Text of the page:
The Japanese Chin is absolutely one of the most adorable members of the Toy Group. Always on the lookout for fun and games, this dog is equally sensitive and thrives on affection. They are devoted to their family and ready to make friends with anyone and any animal, strangers or not. Japanese Chin dogs are also perfect pets for children who understand how to play gentle.
A Brief History Of The Japanese Chin
The origins of the Japanese Chin date as far back as the Ancient times, however, the exact history of the breed is unknown. Researchers do know that it shared a very similar history with the Pekingese. Interestingly enough, history tells us that the Japanese Chin actually has it roots in China, not Japan, as its name might suggest.
Like the Pekingese, the breed was largely owned by Chinese aristocracy and were given as gifts to other nobility. Exactly how the dog arrived in Japan is still up for debate. Several stories are floating around. Some say that they were brought by a Korean prince after 730 A.D. Another theory is that Buddhist teachers brought them to Japan shortly after 500 A.D.
Whatever the true path that the breed took to get to Japan, the dog had an enormously positive impact on the Japanese Imperial family. The were kept as adored lapdogs and shown off to visiting nobility. During the 16th century it is said that the Japanese Chin was traded with visiting Portuguese sailors and taken back with them to Europe.
Official documentation tells us that the breed was in Europe in 1853. Over the next several decades more and more Japanese Chins were sold or traded to the Europeans and then to the Americans. In the late 1800s, the breed got official recognition by the AKC, listed as the “Japanese Spaniel”. To reduce the breed’s size over the last century it was crossed with English Toy Spaniels.
Upkeep Requirements For The Japanese Chin
Upkeep for these adorable little toy dogs is about as easy as it comes when owning one as calm and easy-going as the Japanese Chin. They are small enough so that the only exercise they need is to walk around the house and a few short walks on the leash each day. They also enjoy playing games so a few laps around the yard is enough to show them a good time while giving them plenty of exercise.
Like all toy breeds, the Japanese Chin cannot live outdoors. They are lapdogs to the core and although should have time to play outside in a fenced-in yard, are meant be pampered in the confines of your home. Grooming requirements call for a weekly brushing, twice for the longhairs.
The average lifespan of the Japanese Chin is between ten and twelve years. There are no major health concerns and minor health issues that run common in the breed are cataracts, entropion, patellar luxation, heart murmurs, and KCS. Rarely seen is epilepsy, achondroplasia, and portacaval shunt. Veterinarians suggest that Japanese Chin dogs get tested for potential knee and eye problems.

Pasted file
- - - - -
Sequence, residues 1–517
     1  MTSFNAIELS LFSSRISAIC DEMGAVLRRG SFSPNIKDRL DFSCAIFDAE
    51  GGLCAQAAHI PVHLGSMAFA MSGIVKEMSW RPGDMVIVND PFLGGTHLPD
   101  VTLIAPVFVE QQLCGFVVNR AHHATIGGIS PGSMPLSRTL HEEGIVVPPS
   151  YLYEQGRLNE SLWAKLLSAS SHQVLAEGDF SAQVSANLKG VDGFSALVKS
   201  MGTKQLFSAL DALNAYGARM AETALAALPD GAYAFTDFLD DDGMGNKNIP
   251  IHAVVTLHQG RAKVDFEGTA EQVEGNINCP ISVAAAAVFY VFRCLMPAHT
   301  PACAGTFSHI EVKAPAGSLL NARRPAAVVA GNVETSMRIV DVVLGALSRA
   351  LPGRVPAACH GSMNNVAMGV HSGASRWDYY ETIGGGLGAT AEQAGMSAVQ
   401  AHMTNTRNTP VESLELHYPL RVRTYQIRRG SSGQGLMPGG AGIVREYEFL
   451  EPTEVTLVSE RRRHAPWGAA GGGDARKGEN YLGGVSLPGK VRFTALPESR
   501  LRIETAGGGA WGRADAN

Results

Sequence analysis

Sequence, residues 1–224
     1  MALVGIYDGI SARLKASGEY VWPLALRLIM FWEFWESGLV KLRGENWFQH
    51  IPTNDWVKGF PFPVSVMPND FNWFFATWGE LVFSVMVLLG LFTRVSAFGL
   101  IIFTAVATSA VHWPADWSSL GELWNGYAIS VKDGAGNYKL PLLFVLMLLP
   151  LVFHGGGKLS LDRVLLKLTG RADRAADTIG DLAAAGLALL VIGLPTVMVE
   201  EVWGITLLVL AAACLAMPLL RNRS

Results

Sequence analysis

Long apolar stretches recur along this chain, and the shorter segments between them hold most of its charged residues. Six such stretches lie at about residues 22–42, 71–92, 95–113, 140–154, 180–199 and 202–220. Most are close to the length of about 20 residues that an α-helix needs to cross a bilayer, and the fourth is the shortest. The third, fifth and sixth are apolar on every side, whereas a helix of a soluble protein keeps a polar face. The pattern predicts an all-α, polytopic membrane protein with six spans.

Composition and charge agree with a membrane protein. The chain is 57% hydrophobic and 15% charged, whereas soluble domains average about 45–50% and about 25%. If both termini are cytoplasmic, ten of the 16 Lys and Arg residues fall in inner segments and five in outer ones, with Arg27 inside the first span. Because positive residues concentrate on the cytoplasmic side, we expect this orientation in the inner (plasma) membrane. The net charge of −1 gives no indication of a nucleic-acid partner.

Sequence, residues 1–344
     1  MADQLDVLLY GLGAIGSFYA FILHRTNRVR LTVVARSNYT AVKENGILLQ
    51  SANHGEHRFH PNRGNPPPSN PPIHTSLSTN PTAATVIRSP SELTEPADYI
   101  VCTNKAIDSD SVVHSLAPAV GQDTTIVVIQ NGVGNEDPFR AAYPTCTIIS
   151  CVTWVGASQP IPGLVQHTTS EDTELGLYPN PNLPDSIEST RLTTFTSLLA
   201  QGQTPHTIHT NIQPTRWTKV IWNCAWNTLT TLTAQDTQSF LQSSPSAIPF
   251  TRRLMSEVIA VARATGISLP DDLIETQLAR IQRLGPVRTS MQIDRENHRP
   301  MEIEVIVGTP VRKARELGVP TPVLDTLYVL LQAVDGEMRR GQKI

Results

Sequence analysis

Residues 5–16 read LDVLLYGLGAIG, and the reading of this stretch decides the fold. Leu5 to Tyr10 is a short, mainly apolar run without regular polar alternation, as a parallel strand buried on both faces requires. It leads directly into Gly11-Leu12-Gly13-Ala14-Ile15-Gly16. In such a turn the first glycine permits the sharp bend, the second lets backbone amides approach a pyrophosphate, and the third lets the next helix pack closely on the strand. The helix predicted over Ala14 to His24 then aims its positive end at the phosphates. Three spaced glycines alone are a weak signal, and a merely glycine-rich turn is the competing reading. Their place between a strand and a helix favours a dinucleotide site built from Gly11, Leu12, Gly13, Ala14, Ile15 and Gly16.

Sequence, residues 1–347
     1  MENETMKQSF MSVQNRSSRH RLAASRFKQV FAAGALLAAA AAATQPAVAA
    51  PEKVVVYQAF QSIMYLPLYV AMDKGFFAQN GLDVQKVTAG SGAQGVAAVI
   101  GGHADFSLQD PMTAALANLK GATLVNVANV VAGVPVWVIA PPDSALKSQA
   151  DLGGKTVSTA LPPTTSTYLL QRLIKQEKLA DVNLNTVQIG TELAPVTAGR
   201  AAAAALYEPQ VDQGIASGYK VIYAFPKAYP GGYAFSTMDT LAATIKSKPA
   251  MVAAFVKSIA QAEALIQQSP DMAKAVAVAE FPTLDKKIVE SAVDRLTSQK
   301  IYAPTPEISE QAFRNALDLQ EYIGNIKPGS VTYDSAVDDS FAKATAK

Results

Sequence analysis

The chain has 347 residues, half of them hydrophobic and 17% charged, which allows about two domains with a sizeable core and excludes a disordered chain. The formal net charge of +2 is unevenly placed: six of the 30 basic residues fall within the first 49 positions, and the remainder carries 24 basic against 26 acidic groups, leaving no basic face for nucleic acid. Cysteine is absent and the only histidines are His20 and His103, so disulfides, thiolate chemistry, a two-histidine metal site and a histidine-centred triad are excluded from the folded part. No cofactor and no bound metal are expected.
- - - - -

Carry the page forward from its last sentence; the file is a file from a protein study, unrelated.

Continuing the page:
Most sources agree that the Japanese Chin originated in China. Some mention that traders trekking the “silk road” brought small canines for company and trading. Others say their ancestors were Tibetan Spaniels. Some think that the Pekingese and the European Continental Toy Spaniel were mated to get the Japanese Chin. These dogs were well received by the Japanese imperial court, thus the origin of their name.
In 1864, Commodore Matthew Perry brought this breed to Europe. He also brought them to the United States.
The muzzle is short and the nostrils are broad. It is a delicate looking breed. The body is square-like. The dark eyes stick out. Its tail curls and is feathered as are the ears. The coat is long with a fur ruffle rimming the neck. It is a toy dog.
Is This Your Breed?
This breed likes to play. It is smart and attentive. The Japanese Chin is the perfect size for dwelling in an apartment. It needs brushing several times each week.
The coat is silk-like, long, profuse, and straight. There isn’t an undercoat.
The colors are red, orange, lemon, white, black, and sable. The combination are black and white including tan points or not including the points or red and white. Red is considered an inclusive color for orange, lemon, red, and sable.
The gait is bouncing with all four legs in a uniform plane and pattern.
This breed has some cat qualities such as climbing, cleaning with paw, sitting in someone’s lap, and its self-governing attitude. It is faithful, lively, and affectionate. Socializing while it is young prevents the Japanese Chin from being shy. It takes to obedience training without much difficulty, but is a bit harder to house train. This breed likes to make its owner happy. It does tricks.
It is standoffish with strangers and leery of unknown situations.